Today in History:

114 Series II Volume I- Serial 114 - Prisoners of War


of it by his troops and a number of my men put to death, together with several innocent lookers-on--men, women and children. My command was then marched as prisoners of war in triumph to this place. I am now informed, as I was at the time of the surrender, by the captain that my command may be released upon the officers and men giving their parole "not to take up arms or to serve in a military capacity against the United States during the present civil war. "

Against the whole proceeding of Captain Lyon as well as against the terms of release I most earnestly protest, for the following reasons:

That in addition to the obligation of loyalty which rests upon every citizen every man of my command now held as a prisoner has voluntarily taken an oath to sustain the Constitution and laws of the United States.

That when my camp was attacked in this unwarrantable manner and during the previous days of its existence the only flags that floated there were those of the United States with all the stars and its fellow bearing alone the coat of arms of the State of Missouri.

That in addition to all this on the morning before this attack was made I addressed to Captain Lyon a communication, informing him of the proffer of services I had previously made of myself and of all my command, and if necessary the whole power of the State of Missouri, to protect the U. S. property, and assuring him that I had in no respect changed those views or opinions, either of my own volition or through any orders emanating from my constitution commander.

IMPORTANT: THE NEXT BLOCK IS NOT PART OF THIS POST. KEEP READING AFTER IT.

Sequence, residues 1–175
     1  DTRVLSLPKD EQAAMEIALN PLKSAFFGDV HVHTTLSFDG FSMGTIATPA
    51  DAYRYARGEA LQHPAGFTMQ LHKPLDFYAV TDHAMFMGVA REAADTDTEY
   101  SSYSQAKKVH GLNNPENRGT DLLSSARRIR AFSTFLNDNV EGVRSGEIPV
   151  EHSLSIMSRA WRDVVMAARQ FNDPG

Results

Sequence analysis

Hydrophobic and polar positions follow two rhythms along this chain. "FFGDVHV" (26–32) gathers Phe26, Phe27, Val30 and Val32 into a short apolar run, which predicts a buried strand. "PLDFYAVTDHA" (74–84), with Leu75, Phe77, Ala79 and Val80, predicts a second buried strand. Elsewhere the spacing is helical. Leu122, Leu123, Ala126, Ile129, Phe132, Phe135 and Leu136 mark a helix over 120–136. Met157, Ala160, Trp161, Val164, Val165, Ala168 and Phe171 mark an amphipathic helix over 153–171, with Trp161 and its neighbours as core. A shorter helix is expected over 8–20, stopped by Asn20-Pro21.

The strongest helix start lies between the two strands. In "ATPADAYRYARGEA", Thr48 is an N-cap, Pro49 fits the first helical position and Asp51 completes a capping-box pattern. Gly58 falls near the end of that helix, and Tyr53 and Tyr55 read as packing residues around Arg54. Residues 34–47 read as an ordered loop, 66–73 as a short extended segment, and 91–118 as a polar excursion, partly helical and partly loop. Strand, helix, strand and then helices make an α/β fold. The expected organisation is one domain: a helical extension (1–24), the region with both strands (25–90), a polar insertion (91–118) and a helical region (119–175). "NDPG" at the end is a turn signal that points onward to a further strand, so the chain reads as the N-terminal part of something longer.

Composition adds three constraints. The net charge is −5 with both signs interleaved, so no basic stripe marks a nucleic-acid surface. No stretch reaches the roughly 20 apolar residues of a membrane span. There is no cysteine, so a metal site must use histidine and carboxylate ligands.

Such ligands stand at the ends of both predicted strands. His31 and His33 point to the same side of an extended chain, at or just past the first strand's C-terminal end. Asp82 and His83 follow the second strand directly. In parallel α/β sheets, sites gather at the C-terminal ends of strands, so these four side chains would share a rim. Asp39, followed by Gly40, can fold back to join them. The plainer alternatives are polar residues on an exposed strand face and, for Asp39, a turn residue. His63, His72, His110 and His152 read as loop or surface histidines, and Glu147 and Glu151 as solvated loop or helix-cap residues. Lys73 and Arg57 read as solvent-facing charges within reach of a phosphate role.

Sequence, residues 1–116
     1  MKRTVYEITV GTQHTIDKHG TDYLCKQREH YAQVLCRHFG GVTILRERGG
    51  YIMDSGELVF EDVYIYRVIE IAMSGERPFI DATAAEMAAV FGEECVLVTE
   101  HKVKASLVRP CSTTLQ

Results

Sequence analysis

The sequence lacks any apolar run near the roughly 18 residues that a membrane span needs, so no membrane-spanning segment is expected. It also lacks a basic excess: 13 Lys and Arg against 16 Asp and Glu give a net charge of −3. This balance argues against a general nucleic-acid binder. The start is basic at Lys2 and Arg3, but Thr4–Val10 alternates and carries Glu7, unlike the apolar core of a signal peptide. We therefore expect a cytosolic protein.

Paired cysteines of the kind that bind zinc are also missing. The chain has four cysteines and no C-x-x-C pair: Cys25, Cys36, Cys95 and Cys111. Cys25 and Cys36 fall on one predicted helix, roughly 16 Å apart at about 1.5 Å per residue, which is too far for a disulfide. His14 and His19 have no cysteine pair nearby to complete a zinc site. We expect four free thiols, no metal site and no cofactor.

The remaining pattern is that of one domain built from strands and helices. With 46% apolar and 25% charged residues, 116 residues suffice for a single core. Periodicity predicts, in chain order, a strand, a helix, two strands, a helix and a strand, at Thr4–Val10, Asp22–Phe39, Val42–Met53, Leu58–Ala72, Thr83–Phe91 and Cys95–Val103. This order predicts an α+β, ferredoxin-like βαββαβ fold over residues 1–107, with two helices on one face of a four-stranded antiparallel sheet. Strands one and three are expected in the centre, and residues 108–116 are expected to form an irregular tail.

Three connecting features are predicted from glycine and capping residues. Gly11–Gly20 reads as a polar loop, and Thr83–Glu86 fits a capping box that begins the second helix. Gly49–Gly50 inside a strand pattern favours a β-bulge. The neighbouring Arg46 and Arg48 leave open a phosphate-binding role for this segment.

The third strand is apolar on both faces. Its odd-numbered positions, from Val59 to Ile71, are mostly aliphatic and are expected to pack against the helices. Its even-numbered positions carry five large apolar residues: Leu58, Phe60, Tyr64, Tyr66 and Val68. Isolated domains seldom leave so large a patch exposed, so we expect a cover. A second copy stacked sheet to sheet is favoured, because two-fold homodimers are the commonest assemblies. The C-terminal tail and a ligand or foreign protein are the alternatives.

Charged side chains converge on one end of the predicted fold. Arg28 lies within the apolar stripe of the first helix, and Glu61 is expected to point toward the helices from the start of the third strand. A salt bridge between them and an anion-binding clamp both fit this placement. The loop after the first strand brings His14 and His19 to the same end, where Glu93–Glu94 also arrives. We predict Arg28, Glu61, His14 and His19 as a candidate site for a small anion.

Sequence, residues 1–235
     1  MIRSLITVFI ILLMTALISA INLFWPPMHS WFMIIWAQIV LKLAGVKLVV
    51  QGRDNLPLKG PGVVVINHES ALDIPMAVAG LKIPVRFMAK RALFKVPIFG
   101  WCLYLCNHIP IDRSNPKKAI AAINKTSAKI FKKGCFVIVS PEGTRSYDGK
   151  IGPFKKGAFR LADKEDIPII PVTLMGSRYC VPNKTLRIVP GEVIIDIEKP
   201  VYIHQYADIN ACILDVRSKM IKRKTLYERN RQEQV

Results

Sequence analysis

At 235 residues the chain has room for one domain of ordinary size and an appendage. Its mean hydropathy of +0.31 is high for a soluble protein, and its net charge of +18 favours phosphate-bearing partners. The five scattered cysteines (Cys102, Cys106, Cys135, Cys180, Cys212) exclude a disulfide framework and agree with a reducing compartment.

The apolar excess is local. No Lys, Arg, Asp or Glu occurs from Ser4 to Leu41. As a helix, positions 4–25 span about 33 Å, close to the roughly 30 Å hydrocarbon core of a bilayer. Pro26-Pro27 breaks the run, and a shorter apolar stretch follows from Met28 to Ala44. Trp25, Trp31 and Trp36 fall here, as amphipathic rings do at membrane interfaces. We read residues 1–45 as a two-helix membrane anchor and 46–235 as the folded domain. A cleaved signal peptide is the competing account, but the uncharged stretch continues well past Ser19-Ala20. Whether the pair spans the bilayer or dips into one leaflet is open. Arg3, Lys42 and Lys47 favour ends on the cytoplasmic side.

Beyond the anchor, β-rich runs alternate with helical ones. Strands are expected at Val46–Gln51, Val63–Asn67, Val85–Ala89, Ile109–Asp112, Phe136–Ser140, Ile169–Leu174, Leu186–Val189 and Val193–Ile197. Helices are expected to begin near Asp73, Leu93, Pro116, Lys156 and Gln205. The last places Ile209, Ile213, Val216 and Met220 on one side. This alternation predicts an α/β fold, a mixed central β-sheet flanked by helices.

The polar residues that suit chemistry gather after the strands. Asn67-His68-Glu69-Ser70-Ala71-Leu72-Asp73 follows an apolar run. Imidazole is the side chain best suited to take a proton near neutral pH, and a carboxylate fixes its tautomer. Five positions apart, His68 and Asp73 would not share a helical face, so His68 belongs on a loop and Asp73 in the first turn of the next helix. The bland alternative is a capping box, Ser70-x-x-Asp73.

Under all these circumstances I appeal to you as the chief representative of the United States in this department for justice on behalf of those loyal citizens who are now held as prisoners of war, captured under and marching to their place of confinement with the flag of the Union flying over their heads. I ask that you will not put upon the command the additional indignity of requiring us to give our parole when we have already given our oath in support of the Constitution, but that you will order our restoration to the liberties of which we have been illegally deprived, as well as of the property of the State and individuals, as the larger portion of the equipments have been purchased with the private funds of the individuals of my command, both officers and men.

I trust that such as have been so purchased will at least be restored to the proper owners.

I am, sir, very respectfully, your obedient servant,


Brigadier-General, Missouri Volunteer Militia.

Saint Louis, Mo., May 18, 1861.

Lieutenant Colonel E. D. TOWNSEND,

Asst. Adjt. General, Hdqrs. of the Army, Washington.

SIR: I have the honor to report that on the 14th instant a writ of habeas corpus was served on me requiring me to bring before Judge Treat, judge of the U. S. court, eastern district of Missouri, Captain Emmett MacDonald, one of the officers captured at Camp Jackson, near this city, May 10, by the U. S. forces, under the command of Captain N. Lyon, Second Infantry.